I have an EE roo that wouldn't come within 30 feet of me -- or anyone -- in his youth, but he's calmed down with age and now comes and watches when I do chores, chatters to me, etc. But he still keeps 5 feet or so distance and doesn't like to be touched. He's a beautiful boy, great roo, just doesn't like being handled. We free range so it's not a problem. He goes in the coop with everyone at night and comes back out in the morning.

With age, your roo will likely calm down some too, but will probably never be a chicken that likes being held. It's not a problem in and of itself. But it is a problem in your specific situation because you don't have the appropriate facilities for him. So either alter your facilities to accommodate, or re-home him to somewhere that can.​
I just posted last night about my SLW roo (Stewy) who flew at my head. I did everything with him that you described - including holding him down. He always kept his distance (which I viewed as a good sign) until last night when I bent over to pick up a hen and he charged from across the coop and launched himself at my head. Now I'm wondering if I pushed him to hard and that he was reacting because he was scared of me or if he's just a jerk? I'm giving him until this weekend. I'd love to say I could rehab him but I work away from home (often clear across the country).

I wish you luck.

How did you rehab your SLW? I know the breed can have aggressive individuals - the SLW's are at the top of the pecking order in our flock! Stewy is gorgeous and good with the flock. Seems that I'm the only one he has an issue with!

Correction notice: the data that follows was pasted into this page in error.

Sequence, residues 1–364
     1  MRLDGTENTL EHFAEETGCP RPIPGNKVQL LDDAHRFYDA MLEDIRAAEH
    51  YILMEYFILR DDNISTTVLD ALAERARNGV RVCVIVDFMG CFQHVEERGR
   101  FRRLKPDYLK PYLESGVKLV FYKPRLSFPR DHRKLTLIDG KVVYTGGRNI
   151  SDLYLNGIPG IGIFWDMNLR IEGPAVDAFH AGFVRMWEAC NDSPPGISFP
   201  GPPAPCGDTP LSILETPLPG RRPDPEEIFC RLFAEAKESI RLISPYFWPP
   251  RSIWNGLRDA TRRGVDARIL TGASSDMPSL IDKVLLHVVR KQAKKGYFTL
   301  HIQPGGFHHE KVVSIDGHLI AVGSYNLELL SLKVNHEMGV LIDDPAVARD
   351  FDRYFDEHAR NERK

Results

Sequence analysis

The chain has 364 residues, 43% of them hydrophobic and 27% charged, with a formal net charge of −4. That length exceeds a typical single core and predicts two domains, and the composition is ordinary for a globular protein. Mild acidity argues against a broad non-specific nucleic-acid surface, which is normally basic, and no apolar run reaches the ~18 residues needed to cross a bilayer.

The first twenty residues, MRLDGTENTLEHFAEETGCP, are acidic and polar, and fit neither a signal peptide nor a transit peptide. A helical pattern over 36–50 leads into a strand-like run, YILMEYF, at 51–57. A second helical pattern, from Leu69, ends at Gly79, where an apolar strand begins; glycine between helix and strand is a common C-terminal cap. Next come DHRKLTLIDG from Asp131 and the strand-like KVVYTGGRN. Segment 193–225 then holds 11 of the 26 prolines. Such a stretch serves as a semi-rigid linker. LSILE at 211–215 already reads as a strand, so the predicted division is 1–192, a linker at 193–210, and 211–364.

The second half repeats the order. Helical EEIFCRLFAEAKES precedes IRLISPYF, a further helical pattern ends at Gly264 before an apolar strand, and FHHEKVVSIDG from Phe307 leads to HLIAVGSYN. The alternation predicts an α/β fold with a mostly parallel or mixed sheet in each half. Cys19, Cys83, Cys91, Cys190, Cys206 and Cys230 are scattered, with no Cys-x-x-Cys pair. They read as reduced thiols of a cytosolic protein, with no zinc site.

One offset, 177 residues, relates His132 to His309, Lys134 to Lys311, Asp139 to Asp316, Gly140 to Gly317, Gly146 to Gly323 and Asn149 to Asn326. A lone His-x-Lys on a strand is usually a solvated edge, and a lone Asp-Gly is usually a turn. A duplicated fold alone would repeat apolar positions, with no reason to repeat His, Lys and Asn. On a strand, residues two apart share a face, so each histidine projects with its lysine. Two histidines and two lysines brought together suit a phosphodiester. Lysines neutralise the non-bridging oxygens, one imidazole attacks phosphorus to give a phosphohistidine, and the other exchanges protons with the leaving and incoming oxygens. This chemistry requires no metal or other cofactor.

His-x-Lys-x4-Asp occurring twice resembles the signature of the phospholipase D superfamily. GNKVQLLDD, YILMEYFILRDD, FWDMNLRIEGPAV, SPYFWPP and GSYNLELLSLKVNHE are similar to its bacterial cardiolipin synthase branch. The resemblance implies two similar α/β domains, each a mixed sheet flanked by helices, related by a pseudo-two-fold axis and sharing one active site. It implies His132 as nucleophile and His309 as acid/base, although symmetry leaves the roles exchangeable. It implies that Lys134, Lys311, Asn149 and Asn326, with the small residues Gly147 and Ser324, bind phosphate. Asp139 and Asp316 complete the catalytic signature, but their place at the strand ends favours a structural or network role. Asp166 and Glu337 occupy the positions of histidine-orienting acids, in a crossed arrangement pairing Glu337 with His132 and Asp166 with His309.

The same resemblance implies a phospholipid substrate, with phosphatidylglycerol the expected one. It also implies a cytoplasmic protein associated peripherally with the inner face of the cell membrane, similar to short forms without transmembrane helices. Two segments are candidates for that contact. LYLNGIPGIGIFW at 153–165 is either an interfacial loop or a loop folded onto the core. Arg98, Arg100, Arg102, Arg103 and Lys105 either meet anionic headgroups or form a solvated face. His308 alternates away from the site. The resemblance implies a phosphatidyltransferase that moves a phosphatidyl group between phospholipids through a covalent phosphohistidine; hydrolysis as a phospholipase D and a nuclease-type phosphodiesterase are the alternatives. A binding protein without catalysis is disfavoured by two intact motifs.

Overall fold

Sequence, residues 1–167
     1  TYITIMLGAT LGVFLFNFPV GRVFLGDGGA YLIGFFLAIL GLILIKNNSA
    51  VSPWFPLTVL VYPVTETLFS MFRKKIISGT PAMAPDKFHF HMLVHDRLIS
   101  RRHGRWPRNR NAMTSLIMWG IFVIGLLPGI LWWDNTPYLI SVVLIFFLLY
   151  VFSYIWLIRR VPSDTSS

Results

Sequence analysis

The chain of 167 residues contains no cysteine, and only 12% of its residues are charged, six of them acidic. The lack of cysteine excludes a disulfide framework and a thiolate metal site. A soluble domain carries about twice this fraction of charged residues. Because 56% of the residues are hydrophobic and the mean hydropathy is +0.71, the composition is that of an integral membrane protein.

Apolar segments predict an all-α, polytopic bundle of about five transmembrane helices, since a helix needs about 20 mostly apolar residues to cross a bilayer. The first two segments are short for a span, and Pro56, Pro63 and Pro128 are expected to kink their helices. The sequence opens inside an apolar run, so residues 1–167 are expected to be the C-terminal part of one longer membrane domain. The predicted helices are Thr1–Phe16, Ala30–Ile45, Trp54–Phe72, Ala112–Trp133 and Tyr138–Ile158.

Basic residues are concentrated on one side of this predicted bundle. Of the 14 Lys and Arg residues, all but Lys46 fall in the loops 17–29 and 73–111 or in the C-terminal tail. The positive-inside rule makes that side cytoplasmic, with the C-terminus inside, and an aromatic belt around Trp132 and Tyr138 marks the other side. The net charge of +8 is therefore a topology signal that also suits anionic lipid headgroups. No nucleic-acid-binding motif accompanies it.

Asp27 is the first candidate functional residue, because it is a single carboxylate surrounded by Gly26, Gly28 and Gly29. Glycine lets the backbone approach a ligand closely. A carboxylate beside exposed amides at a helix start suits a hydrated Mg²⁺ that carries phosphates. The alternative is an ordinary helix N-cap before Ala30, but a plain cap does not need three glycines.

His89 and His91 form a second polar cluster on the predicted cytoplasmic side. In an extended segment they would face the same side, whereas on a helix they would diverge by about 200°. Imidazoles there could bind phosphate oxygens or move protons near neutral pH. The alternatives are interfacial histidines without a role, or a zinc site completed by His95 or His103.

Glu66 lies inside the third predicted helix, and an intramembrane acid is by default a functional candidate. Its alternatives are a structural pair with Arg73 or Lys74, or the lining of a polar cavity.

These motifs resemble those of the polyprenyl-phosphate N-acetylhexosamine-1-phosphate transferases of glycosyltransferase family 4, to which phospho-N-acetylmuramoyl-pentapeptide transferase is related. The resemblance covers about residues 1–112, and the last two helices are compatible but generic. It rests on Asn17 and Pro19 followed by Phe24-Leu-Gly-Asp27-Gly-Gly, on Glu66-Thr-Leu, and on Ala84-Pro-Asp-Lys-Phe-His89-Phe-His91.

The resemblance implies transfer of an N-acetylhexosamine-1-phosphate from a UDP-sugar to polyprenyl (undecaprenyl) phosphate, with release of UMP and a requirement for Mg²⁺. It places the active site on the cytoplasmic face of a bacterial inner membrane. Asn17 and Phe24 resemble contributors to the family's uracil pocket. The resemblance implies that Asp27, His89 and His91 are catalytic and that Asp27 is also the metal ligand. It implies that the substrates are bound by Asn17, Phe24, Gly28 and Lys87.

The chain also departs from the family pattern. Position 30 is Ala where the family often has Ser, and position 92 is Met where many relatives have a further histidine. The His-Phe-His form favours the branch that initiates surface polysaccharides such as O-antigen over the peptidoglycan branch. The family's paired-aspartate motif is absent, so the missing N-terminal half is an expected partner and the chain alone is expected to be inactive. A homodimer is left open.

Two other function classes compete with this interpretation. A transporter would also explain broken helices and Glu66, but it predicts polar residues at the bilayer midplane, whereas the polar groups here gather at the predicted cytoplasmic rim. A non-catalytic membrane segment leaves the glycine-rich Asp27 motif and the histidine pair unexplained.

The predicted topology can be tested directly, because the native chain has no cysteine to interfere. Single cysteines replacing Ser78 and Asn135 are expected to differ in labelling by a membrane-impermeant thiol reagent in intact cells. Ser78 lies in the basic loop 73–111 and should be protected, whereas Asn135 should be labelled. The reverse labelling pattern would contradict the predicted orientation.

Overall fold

It did cross my mind that Darrell could get aggressive all of a sudden. And I do believe it's fear that's behind most mean roos' behavior.

My SLW Stan was aggressive as soon as his hormones kicked in. He took his rooster role seriously since he was the one and only male in the flock at the time. I remember how he was so afraid I was taking his food AWAY rather than giving it to him that he pecked me as I was putting grain in his dish.

I followed all the protocol for taming a mean roo, carrying him around while I did chores, beating him up when he flogged me (but not hurting him, just boxing his ears) and after a YEAR of this constant fighting with him, he turned into a pussy-cat practically overnight! He now stands at my feet and actually begs to be picked up and held! He hasn't so much as looked at me with a challenge for months. I think he finally convinced himself I was no threat to him. Also, I got tired of him de-feathering my girls and have kept him segregated from them. So maybe he feels relieved of a lot of the responsibility he carried. Having two other cockerels in the flock now may also play a role in his sudden personality change.

And you're soooo right on about SLW's being top of the pecking order! My Wyandotte girls are all terrors! Even the new five-month old is turning into a bully!